Improved Cognitive Control in Presence of Anthropomorphized Robots

  • Nicolas SpatolaEmail author
  • Clément Belletier
  • Pierre Chausse
  • Maria Augustinova
  • Alice Normand
  • Vincent Barra
  • Ludovic FerrandEmail author
  • Pascal Huguet


There is evidence that attentional control mechanisms in humans can be boosted in performance contexts involving the presence of other human agents, compared with isolation. This phenomenon was investigated here with the presence of artificial agents, that is, humanoid robots in the context of the well-known Stroop task requiring attentional control for successful performance. We expected and found beneficial effects of robotic presence (compared with isolation) on standard Stroop performance and response conflict resolution (a specific component of Stroop performance) exclusively when robotic presence triggered anthropomorphic inferences based on prior verbal interactions with the robot (a social robot condition contrasted with the presence of the same robot without any prior interactions). Participants’ anthropomorphic inferences about the social robot actually mediated its influence on attentional control, indicating the social nature of this influence. These findings provide further reasons to pay special attention to human–robot interactions and open new avenues of research in social robotics.


Social facilitation Anthropomorphized robots Human–robot interaction Cognitive control Stroop task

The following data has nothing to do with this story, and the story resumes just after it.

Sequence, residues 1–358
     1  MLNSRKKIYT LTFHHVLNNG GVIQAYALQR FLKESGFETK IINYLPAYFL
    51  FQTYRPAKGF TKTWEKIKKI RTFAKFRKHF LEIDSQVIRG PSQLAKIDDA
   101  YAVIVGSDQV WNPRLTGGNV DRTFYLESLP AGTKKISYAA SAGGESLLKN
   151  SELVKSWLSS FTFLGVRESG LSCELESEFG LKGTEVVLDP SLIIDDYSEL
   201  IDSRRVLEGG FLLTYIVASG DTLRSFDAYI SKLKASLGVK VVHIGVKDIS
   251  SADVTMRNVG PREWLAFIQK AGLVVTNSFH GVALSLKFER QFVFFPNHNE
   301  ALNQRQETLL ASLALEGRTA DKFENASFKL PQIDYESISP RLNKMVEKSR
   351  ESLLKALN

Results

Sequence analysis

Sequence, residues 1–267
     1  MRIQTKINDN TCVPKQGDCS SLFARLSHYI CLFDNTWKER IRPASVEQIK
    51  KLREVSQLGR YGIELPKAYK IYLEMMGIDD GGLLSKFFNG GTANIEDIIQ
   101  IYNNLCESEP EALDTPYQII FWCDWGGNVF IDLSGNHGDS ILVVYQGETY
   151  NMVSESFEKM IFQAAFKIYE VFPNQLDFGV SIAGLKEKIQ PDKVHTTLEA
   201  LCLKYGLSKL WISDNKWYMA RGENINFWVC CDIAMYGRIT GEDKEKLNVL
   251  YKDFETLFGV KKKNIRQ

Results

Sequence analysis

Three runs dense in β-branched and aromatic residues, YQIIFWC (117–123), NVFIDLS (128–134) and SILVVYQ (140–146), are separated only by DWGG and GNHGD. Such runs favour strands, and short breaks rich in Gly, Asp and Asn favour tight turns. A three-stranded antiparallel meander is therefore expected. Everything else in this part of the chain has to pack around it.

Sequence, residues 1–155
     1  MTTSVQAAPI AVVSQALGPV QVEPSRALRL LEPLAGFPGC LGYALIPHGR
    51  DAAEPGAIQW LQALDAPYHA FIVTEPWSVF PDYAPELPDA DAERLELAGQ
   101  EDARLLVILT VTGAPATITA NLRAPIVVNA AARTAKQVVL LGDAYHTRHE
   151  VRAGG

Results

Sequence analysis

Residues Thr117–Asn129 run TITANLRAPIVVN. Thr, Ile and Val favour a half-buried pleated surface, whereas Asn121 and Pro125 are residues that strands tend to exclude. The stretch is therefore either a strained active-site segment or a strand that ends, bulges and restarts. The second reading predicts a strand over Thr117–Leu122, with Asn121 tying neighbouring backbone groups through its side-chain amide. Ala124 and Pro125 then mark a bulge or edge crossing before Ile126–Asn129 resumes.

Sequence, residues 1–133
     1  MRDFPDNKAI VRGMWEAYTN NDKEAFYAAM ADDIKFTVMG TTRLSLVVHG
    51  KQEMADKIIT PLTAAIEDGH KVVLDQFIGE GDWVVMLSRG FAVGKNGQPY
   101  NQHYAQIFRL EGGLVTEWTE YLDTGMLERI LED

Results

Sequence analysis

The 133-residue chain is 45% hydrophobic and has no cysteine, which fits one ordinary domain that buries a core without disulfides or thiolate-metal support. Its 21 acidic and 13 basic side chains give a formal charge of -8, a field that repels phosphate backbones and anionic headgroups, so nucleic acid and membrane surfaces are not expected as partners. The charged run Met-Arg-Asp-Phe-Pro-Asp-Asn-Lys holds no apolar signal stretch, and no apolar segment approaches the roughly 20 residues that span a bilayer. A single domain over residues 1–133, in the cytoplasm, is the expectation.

This work was supported by a Grant (Social_Robot_2017-2018) from the Maison des Sciences de l’Homme (MSH), Clermont-Ferrand, France.


This study was funded by a Grant (Social_Robot_2017-2018) awarded to all authors from the Maison des Sciences de l’Homme (MSH), Clermont-Ferrand, France.

Compliance with Ethical Standards

Conflict of Interest

The authors declare that they have no conflict of interest.

Ethical Statement

This study was approved by the Clermont-Ferrand Sud-Est 6 Statutory Ethics Committee (Comité de Protection des Personnes (CPP) Sud-Est 6, France; Authorization # 2016/CE 105) and was carried out in accordance with the provisions of the World Medical Association Declaration of Helsinki.

Open Practices

Mean reaction time data (for each participant and each condition) are publicly available via the Open Science Framework and can be accessed at


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Copyright information

© Springer Nature B.V. 2019

Authors and Affiliations

  1. 1.Université Clermont Auvergne, CNRS, LAPSCOClermont-FerrandFrance
  2. 2.Laboratoire Psychologie du Développement CognitifUniversité de FribourgFribourgSwitzerland
  3. 3.CRFDP (EA 7475)Université de Rouen NormandieRouenFrance
  4. 4.Université Clermont Auvergne, CNRS, LIMOSClermont-FerrandFrance

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